Bike lanes eyed as loading zones for those aiding the disabled
Recommendation comes out of a review of the Sherbourne St. cycle track, where bike traffic has nearly tripled.
|Report an Error|
Share via Email
The city wants to make it legal for drivers with accessible parking permits to stop in separated bike lanes, as long as they’re “loading or unloading” a person with a disability.
The recommendation is in a report going before the public works committee Monday. The document notes that according to city bylaws, only Wheel-Trans vehicles are currently allowed to stop in physically separated bike lanes. “This is an impediment to those with accessible permits who require barrier-free mobility from a private vehicle,” it says.
It’s already legal for drivers to stop in painted bike lanes so long as they’re “actively engaged” in picking up or dropping off someone with a disability, but the rule doesn’t apply to physically separated lanes (also called cycle tracks). Stopping illegally in a bike lane or cycle track carries a fine of $150.
Ian Parker, a senior adviser for the Centre for Independent Living in Toronto, said he supports the proposed bylaw change.
“I think that there would be many circumstances where a passenger with a disability might not be able to get to the door of where they’re going if they can’t be let off nearby,” said Parker, who is both a wheelchair user and a driver.
Parker drives a van outfitted with an accessibility ramp that deploys onto the sidewalk. He said that as the city has installed more bike lanes it has become more difficult to find places where he’s able to park.
“I know everybody has a right to be accommodated on the street. We have to work together and work it out,” he said. “For some of us, (driving) is the only way to get around.”
Councillor Mike Layton, a strong proponent of cycling infrastructure, said that “it’s not ideal” to have anything blocking a bike lane, but didn’t say he would oppose the bylaw change.
“The last thing we would want to do by building a bike lane, is to make (the street) unsafe for someone else,” said Layton, who represents Ward 19, Trinity-Spadina, and sits on the city’s disability advisory committee. “Ideally what we’re trying to do is make it safe for all people that are using the roadway to get to their destination safely.”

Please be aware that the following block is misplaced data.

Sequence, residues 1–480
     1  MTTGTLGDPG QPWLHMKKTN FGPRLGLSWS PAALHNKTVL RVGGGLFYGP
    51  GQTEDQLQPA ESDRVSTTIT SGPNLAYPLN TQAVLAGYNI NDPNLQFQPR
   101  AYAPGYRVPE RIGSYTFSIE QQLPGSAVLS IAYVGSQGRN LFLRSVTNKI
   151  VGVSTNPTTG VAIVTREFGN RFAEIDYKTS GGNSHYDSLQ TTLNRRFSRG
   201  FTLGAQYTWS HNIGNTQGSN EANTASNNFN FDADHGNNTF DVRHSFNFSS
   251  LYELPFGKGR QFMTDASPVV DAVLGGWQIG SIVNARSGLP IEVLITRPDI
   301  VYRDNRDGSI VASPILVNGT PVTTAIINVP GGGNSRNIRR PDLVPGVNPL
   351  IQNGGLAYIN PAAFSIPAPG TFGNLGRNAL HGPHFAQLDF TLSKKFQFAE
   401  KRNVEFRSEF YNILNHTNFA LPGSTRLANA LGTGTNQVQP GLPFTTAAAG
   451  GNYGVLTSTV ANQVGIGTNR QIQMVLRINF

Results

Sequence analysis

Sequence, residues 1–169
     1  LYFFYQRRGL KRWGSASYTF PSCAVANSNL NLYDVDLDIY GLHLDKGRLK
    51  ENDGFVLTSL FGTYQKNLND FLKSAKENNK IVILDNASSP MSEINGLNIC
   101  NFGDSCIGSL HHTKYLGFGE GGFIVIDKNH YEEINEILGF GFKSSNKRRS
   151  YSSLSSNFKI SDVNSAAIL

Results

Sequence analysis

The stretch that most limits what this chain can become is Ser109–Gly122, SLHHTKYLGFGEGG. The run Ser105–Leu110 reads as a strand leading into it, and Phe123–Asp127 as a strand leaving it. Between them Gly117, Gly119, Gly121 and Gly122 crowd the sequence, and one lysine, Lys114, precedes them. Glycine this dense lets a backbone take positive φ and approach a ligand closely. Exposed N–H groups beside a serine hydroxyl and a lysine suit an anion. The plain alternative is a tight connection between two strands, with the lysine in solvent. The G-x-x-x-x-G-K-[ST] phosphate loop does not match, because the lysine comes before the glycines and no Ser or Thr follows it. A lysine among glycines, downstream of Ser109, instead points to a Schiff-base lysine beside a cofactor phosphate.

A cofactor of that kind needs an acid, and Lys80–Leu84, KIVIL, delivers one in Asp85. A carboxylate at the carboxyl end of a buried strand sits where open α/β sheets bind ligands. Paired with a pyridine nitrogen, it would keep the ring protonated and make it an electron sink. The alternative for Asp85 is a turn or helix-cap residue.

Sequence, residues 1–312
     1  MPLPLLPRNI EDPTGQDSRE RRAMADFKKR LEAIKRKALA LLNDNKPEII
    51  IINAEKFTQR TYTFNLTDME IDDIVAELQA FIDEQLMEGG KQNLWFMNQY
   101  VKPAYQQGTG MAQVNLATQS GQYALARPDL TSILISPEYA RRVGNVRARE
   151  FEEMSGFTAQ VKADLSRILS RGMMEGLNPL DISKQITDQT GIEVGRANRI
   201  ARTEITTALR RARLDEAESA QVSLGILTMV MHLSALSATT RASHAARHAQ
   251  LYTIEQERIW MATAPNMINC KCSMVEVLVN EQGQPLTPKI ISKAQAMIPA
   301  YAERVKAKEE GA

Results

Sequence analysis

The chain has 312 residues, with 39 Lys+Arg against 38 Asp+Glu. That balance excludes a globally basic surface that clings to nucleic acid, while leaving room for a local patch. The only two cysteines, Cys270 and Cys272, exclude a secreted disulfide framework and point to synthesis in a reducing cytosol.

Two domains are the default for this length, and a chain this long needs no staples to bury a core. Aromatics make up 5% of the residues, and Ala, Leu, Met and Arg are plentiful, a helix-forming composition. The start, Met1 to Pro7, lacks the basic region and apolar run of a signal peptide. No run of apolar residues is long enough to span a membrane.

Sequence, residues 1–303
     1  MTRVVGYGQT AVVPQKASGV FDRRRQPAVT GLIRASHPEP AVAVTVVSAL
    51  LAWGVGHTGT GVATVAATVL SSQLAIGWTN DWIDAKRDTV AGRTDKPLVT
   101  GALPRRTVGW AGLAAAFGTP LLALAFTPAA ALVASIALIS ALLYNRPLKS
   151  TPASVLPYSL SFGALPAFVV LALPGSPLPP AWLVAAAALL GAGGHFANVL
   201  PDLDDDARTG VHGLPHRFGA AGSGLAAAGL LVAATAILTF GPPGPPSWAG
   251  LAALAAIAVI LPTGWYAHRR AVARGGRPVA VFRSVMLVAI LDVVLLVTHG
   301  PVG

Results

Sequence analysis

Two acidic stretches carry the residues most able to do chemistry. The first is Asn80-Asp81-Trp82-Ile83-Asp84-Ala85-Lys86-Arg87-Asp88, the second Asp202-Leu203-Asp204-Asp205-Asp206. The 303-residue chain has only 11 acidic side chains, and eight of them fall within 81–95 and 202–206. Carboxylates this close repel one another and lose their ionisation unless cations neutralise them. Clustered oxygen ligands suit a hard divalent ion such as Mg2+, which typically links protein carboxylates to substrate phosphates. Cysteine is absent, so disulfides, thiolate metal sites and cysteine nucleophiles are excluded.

Layton said the best thing to do would be to design cycle tracks that would allow passengers with disabilities to disembark from cars without encroaching on the cycle track.
For a driver to be eligible for an accessible parking permit, a doctor must certify to the provincial government that the applicant suffers from at least one condition from a provided list. The permits exempt holders from some parking rules. According to the ministry of government and consumer services, there are 120,266 active accessible parking permits in Toronto.
The recommendation to change the bike-lane bylaw comes out of a review of the Sherbourne St. cycle track, which was installed between 2012 and 2015, and was Toronto’s first separated bike lane.
The report says that accessibility considerations were incorporated into the cycle track’s original design. Due to a high number of health clinics and seniors’ residences on Sherbourne, there are 1,100 Wheel-Trans stops per month on the street.
The cycle track includes seven lay-bys for loading and unloading, tactile pavers for the visually impaired, and mountable curbs to allow vehicles to drive onto the lanes when necessary. In response to concerns about safety and accessibility, however, transportation staff have tweaked the configuration of the lane by adding bollards at some locations and removing them at others.
According to the report, since the lane was installed, the volume of cyclists on Sherbourne has almost tripled, from about 1,200 to 3,500 a day. Meanwhile, the rate of cyclist collisions on the street fell from 14 crashes per 1,000 riders to only 5 per 1,000 riders.
Transportation staffers say they will incorporate lessons from Sherbourne, as well as the dedicated bike lane on Wellesley St., into new on-street bikeway guidelines that they’re developing. The guidelines are expected to be completed in the fall of 2017, and will outline design standards for cycling infrastructure as the city builds out its bike network under the new 10-year cycling plan council approved in June.